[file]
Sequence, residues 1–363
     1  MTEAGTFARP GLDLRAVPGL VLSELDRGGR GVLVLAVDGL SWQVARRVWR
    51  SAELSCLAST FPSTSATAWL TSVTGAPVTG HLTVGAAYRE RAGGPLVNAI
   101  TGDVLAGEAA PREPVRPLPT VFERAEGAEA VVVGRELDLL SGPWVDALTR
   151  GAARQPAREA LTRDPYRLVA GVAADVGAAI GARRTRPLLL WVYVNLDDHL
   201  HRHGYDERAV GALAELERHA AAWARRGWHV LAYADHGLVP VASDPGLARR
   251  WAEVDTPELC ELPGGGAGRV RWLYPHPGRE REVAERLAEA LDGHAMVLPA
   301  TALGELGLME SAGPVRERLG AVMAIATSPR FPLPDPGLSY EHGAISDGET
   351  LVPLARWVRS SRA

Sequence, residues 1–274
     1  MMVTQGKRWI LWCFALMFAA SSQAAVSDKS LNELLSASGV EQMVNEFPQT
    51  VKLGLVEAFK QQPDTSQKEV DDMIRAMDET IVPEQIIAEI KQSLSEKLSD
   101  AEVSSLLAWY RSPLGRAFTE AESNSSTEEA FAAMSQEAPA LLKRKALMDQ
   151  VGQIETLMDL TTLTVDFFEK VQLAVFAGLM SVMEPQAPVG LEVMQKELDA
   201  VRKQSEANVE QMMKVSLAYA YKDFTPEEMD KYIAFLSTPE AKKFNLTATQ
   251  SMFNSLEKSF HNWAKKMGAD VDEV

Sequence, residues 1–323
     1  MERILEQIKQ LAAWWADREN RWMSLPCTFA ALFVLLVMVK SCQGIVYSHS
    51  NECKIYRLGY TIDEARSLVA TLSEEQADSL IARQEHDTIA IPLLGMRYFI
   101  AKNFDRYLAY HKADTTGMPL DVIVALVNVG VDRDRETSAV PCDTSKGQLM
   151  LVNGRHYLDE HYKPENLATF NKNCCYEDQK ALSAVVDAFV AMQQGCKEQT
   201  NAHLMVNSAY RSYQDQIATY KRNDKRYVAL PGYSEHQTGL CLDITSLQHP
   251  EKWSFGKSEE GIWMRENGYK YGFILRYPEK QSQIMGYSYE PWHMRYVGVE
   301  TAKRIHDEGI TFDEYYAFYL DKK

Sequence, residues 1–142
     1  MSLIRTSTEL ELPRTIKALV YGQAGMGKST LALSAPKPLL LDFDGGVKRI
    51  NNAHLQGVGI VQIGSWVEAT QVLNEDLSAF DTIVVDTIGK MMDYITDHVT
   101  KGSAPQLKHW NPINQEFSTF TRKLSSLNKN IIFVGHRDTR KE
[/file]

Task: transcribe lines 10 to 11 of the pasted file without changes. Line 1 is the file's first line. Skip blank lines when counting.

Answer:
Sequence, residues 1–274
     1  MMVTQGKRWI LWCFALMFAA SSQAAVSDKS LNELLSASGV EQMVNEFPQT